Having actually been a conservator for my grandmother, I find this test offensive. My grandmother had short-term memory issues and executive dysfunction. She lost her motivation, her ability to plan, and reading comprehension. She did not lose her ability to watch tv, make judgements about political candidates, or her decision-making capacity when it came to voting for candidates or USDA cooperative issues. (We skipped ballot initiatives specifically because of her reading comprehension issues.) Her long-term memory was fine; her political will was known until the last month. She lived long enough to vote for a woman for president. She was a citizen. Her right to vote - if she wanted to vote - was never in question. When she cared, I made sure she could.

Families and caretakers can and should make these decisions; we make them better than a test infamous for ambiguity, which would fail at least 1/3 of the voting population and is subject to the interpretation of the test-giver.


#16

Interesting thing: old people living independently trend conservative*. The ones in assisted living or nursing homes who are still capable of making their politics known? They tend to be liberal as hell on Medicare, Medicaid, Social Security and social services, including transportation and accessibility. It’s like becoming disabled and relying on government services reminds them of empathy, or at least self-preservation.

Of course, by the time most end up in skilled nursing, they often can’t make their politics known, but the ones who can are vocal about doing what they can.

  • I suspect because being old and somewhat fragile is deeply frightening, and frightened people tend to be reactionary. Also, because being old and fragile is lonely, and day-time tv is a vast wasteland. At least Fox feels like people talking to you, not at you. Not to excuse Fox Geezer Syndrome, but it happens for a reason.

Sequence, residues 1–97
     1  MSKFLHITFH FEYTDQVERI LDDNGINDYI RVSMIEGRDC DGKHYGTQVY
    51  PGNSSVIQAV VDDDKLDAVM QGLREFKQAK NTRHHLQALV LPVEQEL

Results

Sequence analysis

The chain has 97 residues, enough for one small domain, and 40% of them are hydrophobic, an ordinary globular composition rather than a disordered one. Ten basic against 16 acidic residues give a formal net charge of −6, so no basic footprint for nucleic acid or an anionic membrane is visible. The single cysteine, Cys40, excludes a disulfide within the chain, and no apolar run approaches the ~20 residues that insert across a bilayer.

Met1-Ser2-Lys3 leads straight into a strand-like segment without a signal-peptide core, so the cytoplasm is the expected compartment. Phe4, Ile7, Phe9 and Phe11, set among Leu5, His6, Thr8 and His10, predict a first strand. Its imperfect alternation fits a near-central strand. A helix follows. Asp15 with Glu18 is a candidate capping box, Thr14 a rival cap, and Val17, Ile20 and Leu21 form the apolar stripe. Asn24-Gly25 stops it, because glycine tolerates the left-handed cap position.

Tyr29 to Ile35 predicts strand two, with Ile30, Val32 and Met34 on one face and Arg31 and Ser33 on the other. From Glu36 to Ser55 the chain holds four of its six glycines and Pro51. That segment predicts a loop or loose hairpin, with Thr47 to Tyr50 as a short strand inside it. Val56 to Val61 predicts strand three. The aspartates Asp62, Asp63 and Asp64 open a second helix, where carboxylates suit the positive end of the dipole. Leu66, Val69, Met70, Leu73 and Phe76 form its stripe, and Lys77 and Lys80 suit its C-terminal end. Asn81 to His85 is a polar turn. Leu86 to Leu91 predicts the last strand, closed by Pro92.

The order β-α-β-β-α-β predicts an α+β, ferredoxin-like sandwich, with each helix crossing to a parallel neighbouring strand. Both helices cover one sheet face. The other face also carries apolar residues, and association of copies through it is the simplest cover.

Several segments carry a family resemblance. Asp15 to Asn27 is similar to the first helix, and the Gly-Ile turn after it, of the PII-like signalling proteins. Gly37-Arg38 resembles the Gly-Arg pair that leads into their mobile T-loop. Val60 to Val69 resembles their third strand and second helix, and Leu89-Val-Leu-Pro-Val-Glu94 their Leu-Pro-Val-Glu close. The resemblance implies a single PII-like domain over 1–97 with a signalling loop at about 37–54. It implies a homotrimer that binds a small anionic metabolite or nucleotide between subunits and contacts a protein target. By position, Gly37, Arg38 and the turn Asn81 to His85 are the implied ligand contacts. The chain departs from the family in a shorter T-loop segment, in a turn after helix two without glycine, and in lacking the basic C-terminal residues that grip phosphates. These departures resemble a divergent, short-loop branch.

#17

Y’all do know these tests were legally abolished roughly 50 years ago, right? Even Cory should know this, even though he’s Canadian.


#18

Old people living independently might just have more money.


#19

The money doesn’t last once assisted care is needed. Assisted runs between $3500-$5000 a month. Skilled nursing starts around $7500 a month. And in a rare case of cities being cheaper, it’s cheaper to be in SNF in a city than a rural county. (By a few hundred. It’s still ruinous.)

The elderly extend independent living as long as possible (and often beyond their limits) because they don’t have a high income or savings; their primary assets are home/land. Houses take time to sell, and there’s often extensive deferred maintenance.


#20

They are all trick questions. The instructions change from one to the next in a way intended to cause mistakes. Add to that the part about “a single mistake means you fail” and you’re guaranteed to filter out most of the undesirables.